[178 NJSuper Page 293] Plaintiffs own a clothing store located on Atlantic Avenue in Atlantic City, New Jersey. Their building is three stories in height. Defendant Nassau Associates owns an adjoining building nine stories in height, now being renovated. The two buildings, both of which are 60 or more years of age, were constructed so as to occupy the total width of their respective lots, and the building walls situate on the common boundary line are touching. Defendant, in order to accomplish its renovations, which include resurfacing the exterior walls, has hung a scaffold from the top of its building over plaintiffs' property. The scaffold is raised and lowered by a pulley as the work requires. During this process it has come within six inches of plaintiffs' roof. Plaintiffs, claiming trespass upon their property, consisting
of ownership in fee simple of the space above their building or their easement of light and air, seek to enjoin the use of the scaffold. Defendant denies the existence of the property rights claimed by plaintiffs and asserts rights resulting from a claim that the walls of the two buildings at the common boundary line constitute a party wall.
Defendant has failed to prove the existence of the party wall and the defenses based upon that concept may not be considered. This opinion addresses plaintiffs' claims of property.
The ancient rule of common law, giving a landowner exclusive rights in the column of air above his head, was based upon a maxim of Roman law, cujus est solum ejus usque ad coelum. The old rule and its modern application are discussed in 6A American Law of Property , § 28.4 at 15-16 (1954):
Plaintiffs have not shown any express grant of property rights in the air space. Their claims are therefore limited to rights acquired by adverse use, implication or necessity. In England, at common law, an easement for light and air could be acquired by adverse user. That doctrine has never been a part of the law of this State. Hayden v. Dutcher , 31 N.J. Eq. 217, 222-23 (Ch. 1879). However, we recognize easements of light and air created by implication or necessity. Proof of that creation requires the following:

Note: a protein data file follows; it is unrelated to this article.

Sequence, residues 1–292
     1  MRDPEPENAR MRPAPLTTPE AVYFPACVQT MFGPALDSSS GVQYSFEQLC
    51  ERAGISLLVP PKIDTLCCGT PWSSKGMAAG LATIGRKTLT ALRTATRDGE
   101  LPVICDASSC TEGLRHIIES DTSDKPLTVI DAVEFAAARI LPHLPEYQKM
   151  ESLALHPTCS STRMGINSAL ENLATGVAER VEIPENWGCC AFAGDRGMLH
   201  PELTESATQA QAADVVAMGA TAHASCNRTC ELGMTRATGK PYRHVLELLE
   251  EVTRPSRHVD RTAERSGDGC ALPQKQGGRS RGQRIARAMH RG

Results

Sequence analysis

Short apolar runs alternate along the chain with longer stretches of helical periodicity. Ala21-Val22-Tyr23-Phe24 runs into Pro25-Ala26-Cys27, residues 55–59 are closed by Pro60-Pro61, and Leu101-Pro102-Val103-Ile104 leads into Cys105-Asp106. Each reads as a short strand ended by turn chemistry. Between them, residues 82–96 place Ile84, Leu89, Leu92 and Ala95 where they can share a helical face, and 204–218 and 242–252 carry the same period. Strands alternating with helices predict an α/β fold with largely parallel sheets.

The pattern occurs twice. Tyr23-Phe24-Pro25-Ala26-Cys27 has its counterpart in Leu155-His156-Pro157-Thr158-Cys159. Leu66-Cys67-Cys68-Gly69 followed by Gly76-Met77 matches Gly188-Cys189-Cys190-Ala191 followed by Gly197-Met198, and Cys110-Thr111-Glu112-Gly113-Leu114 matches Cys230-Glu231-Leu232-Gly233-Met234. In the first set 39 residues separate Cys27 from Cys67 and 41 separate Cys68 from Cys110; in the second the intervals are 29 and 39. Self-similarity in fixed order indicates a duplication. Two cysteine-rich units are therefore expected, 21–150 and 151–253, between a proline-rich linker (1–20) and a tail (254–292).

Here, no proof has been presented to show any common ownership of the two properties followed by a separation of title; there has been no use of the air space by plaintiffs, and the easement is not shown to be necessary to the beneficial enjoyment of their property. In short, none of the criteria for an easement by implication or necessity laid down in Engel has been met. Consequently, defendant's temporary use of the air space for the purpose of resurfacing its neighboring wall is not a trespass and not subject to restraints.
This determination does not authorize any actual trespasses. Defendant may not interfere with plaintiffs' present enjoyment of the property or the potential use of the air space above it. The dropping of tools or materials, the falling of the scaffold and any other actual interferences with the actual use of the property are trespasses which may be the subject of damage claims and injunctive relief. Furthermore, defendant may not interfere with the potential use of plaintiffs' property by resurfacing its wall so that it permanently invades the air space above plaintiffs' building.
The application for a restraining order ...